Elite Medical Experts
TUCSON—On June 30, 2021, the U.S. Food and Drug Administration (FDA) alerted the public about a voluntary recall of specific Philips Respironics ventilators, BiPAP, and CPAP devices due to the risk of exposing users to particulate matter and off-gassing from polyester-based polyurethane (PE-PUR). FDA warned that degraded PE-PUR, a component of the foam used to dampen noise and vibration, may inadvertently enter the device’s airflow pathway where it can be inhaled or ingested during therapeutic use of the machine. The recall notice followed Philips’ April 2021 announcement that they had internally “identified a quality issue in a component that is used in certain sleep and respiratory care products.”
Polyurethanes are chemically inert organic molecules for which no exposure limits have been set by the Occupational Safety and Health Administration (OSHA). The two most common types — polyether polyurethane and polyester polyurethane —- are found in countless clinical, industrial, scientific, and retail domains. Polyester polyurethane is used in applications ranging from commercial rolling equipment to sound dampening foam. In certain Philips respiratory devices, including market-leading Trilogy and DreamStation product lines, polyester polyurethane foam was used to reduce noise and provide a better user experience. The physical properties of polyester polyurethane allow for degradation into fine particles, a process which may be exacerbated by commercially available but otherwise unapproved cleaning methods including ozone gas and ultraviolet light. Degradation may also result from microbial agents, heat, and humidity. In addition to exposing users to physical particles of debris, degraded PE-PUR can also release noxious chemicals which users unknowingly inhale from affected devices.
While FDA is unaware of any deaths related to particulate exposure or off-gassing from affected devices, they explicitly warned that “(t)hese issues can result in serious injury, which can be life-threatening, cause permanent impairment, and require medical intervention to prevent permanent damage.” FDA further noted that the potential risks of particulate exposure and/or off-gassing include irritation to the skin, eyes, and respiratory tract, inflammatory responses, headache, asthma, nausea, vomiting, and toxic or carcinogenic effects on the kidneys and liver. Philips received several consumer complaints regarding the presence of black debris in some of their devices, and also received reports of headache, upper airway irritation, cough, chest pressure, and sinus infections. While the presence of particulate debris and the occurrence of symptoms may be causally linked, their relationship has not been scientifically proven.
“Direct exposure to foam particulates and chemicals can be dangerous for several reasons,” said Dr. Venktesh Ramnath, an Associate Clinical Professor of Pulmonary Medicine at UC San Diego Health. “Inhalation of particulate foam can lead to difficulty breathing and frank respiratory failure, and bacteria or fungus carried into the body can cause infection in the respiratory tract and lungs.” Regarding off-gassing, Dr. Ramnath added, “inhalation of isocyanates and other gases associated with polyurethane can cause lung irritation, and some may be carcinogenic in their own right. Prolonged exposure to these chemicals is worrisome, particularly since many people using CPAP and BiPAP already have underlying asthma and other respiratory diseases.”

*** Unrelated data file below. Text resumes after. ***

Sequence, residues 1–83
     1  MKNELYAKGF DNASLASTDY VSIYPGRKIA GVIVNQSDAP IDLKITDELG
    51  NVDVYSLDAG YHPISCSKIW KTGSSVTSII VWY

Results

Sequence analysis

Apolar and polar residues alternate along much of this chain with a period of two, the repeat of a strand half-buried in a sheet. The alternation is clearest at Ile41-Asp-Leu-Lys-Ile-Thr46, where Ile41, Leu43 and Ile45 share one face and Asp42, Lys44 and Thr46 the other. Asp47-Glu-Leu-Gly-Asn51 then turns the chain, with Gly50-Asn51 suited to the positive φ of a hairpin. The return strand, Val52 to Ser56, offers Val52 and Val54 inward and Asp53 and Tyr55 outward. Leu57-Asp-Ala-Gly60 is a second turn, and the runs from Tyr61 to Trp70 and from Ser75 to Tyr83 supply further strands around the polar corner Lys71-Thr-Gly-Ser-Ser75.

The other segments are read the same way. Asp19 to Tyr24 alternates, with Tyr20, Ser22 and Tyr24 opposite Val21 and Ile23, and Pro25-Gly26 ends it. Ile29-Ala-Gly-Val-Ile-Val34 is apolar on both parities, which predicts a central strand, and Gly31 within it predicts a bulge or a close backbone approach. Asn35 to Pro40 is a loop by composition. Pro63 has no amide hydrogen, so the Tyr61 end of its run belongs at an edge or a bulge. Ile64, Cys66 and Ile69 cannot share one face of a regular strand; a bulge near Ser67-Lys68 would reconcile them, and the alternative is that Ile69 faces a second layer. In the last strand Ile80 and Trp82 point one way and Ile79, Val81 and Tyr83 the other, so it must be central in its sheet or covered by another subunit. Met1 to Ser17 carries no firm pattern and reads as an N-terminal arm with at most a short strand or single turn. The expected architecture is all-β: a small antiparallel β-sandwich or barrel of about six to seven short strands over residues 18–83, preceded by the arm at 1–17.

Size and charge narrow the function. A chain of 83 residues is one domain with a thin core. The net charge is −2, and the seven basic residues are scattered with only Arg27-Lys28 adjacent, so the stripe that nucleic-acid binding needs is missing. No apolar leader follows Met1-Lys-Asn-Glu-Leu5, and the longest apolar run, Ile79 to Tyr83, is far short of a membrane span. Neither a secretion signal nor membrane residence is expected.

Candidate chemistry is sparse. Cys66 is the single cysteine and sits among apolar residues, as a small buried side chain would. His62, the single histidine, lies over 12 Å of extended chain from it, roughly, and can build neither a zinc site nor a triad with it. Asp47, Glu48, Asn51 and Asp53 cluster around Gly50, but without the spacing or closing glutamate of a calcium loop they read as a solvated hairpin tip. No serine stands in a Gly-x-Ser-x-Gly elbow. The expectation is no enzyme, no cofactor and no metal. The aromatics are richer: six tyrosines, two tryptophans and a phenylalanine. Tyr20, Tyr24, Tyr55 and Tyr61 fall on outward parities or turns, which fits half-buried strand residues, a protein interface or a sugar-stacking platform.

Despite the adverse health effects associated with particles and gases from polyurethane foam, it may be difficult to establish causation since many of the symptoms specified in the recall are common in the general population and may have plausible alternative explanations. “Merely identifying the presence of symptoms, even if they are on the list provided by Philips, does not establish a causative link with the potential exposure,” says Dr. Tom Fariss, recent Vice President of Global Health at Kimberly Clark Corporation and a Board-Certified specialist in Internal Medicine and Occupational Medicine. “Confounding factors associated with both an exposure and a health outcome will muddy causation. For example, headache is a symptom mentioned in the recall, but people with sleep apnea are already prone to headaches, and people with sleep apnea also use CPAP machines. That makes sleep apnea a classic confounding factor.” While this example highlights the difficulty of establishing causation in the absence of epidemiologic data, Dr. Fariss believes that cancer causation may be even more difficult to prove since “the epidemiology is underdeveloped for this type of exposure, and typical latencies for cancer are measured in years or decades.”
“The complex issues in this recall will necessitate expert witnesses from a variety of disciplines,” says Dr. Burton Bentley II, an Emergency Medicine specialist and CEO of Elite Medical Experts. “We anticipate the need for experts in Pulmonology, Toxicology, Epidemiology, Biomedical Device Engineering, and Polymer Science. Physician experts in Occupational & Environmental Medicine will also have a role since they are frequently involved in human exposure to toxic compounds.” Regardless of the trajectory of litigation, Dr. Bentley added, “the most important thing right now is to focus on the health and safety of the millions of people affected by the recall. That means seeing a doctor and assuring that you have a safe device.”
About Elite Medical Experts: Elite is a frontline resource for legal teams, insurers, corporations, and governmental entities in need of strategic insight at the intersections of Medicine, Business, and Law. Elite also aligns nationally recognized Professors of Medicine and Surgery as subject matter consultants and expert witnesses. With over 8000 engagements totaling nearly $3 billion at risk, Elite solves challenges so that clients win.